Stagflation means simultaneous presence of high unemployment (“stagnation”) and high inflation rate. Stagflation occurs when inflation rate is rising while output is falling or at least not rising (stagnant).

Therefore, during stagflation, there exists an inverse relationship between inflation and output because of shifts in SAS curve caused by change in expected inflation. (Given Fig. 14.4)

Adjustment Mechanism

Movement from E2 to E3 (Fig. 14.4.) shows output is falling (Y2 < Y1) but inflation rate is rising (π3 > π2). E3 is the stagflation point. Thus, during stagflation people expect inflation in future therefore, the short run Phillips curve will move up from PC1 to PC2.


Stagflation occurs when there is recession along a short run Phillips curve based on high expected inflation.

In the figure (14.5) point S is the stagflation point. Once the economy is on short run Expectation Augmented Phillips Curve, which includes expected inflation, a recession will push actual inflation down below the expected inflation.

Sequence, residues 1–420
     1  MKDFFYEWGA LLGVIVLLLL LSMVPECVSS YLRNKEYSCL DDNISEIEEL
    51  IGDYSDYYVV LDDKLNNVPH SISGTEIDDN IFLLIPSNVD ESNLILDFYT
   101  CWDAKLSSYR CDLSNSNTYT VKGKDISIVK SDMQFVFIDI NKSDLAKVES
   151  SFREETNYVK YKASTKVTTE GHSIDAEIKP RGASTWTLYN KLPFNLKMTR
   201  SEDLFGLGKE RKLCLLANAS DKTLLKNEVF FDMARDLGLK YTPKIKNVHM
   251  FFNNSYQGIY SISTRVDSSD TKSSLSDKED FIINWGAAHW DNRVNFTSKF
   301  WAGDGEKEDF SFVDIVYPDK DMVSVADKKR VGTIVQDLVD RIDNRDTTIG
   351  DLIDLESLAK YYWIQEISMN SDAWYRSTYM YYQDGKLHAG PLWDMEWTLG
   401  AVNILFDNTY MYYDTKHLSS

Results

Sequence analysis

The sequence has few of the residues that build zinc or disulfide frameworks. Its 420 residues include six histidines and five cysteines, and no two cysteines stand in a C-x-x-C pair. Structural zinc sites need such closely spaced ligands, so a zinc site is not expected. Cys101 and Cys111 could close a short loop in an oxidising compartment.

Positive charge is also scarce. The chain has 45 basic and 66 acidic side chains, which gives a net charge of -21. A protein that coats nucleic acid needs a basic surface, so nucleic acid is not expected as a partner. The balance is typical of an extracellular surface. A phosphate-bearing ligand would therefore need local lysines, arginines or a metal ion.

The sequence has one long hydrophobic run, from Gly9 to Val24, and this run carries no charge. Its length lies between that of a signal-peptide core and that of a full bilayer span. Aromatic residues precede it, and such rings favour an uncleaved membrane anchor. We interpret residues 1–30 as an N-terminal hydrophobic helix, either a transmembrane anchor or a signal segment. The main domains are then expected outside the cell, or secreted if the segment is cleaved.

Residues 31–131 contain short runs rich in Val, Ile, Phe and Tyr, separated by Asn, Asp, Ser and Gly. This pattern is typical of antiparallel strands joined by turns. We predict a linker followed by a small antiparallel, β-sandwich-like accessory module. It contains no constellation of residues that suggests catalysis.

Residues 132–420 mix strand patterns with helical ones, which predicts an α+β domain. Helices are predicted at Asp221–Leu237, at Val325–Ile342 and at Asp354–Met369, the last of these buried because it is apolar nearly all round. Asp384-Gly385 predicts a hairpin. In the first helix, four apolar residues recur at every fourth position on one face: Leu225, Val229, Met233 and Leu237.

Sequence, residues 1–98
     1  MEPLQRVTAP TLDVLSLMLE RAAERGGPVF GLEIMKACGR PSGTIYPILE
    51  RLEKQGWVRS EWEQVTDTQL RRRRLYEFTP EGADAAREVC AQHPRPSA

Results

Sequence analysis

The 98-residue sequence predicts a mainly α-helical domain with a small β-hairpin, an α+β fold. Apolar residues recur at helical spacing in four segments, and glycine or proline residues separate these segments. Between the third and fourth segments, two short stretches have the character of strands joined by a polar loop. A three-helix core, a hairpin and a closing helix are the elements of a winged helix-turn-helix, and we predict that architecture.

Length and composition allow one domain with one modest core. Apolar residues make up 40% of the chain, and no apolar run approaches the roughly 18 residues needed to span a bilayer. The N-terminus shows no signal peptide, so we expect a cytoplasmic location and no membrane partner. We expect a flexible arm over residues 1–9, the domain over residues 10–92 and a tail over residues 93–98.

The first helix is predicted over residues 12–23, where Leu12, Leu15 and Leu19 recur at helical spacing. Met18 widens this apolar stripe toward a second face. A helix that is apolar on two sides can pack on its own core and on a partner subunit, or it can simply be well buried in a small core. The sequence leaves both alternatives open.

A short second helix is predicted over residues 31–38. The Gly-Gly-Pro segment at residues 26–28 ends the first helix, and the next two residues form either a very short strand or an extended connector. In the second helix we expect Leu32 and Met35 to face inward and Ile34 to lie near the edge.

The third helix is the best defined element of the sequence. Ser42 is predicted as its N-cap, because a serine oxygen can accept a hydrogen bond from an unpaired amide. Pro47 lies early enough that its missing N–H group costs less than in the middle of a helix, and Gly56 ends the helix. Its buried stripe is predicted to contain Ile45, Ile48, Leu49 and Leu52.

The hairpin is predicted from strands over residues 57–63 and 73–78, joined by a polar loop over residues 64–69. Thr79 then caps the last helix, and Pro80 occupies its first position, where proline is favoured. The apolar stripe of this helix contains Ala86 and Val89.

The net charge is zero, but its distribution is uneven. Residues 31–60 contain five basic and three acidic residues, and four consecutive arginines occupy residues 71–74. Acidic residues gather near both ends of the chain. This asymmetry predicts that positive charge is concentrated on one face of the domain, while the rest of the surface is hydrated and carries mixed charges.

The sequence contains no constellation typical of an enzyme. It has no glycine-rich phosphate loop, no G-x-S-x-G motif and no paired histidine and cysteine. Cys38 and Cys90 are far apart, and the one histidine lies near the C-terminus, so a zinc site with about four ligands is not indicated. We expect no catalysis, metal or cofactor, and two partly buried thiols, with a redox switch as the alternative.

For example, in 2000 unemployment was U1 > U* and the inflation rate was 5%. Increase in unemployment implies fall in output.

Economy will move from point M to S due to recession which shows higher inflation rate that is, absolute level of inflation will remain high. Inflation will be less than expected (5 < 7) but well above zero.


If the role of expected inflation in the Phillips curve is ignored then we conclude that periods in which output level and inflation rates move in opposite directions or periods in which both inflation and unemployment increases at the same time are impossible.

Stagflation would not occur if the unemployment rate (U*) corresponding to point N was the natural rate. In that case expected inflation will be equal to the actual inflation and as a result there will be no upward shift in the Phillips curve.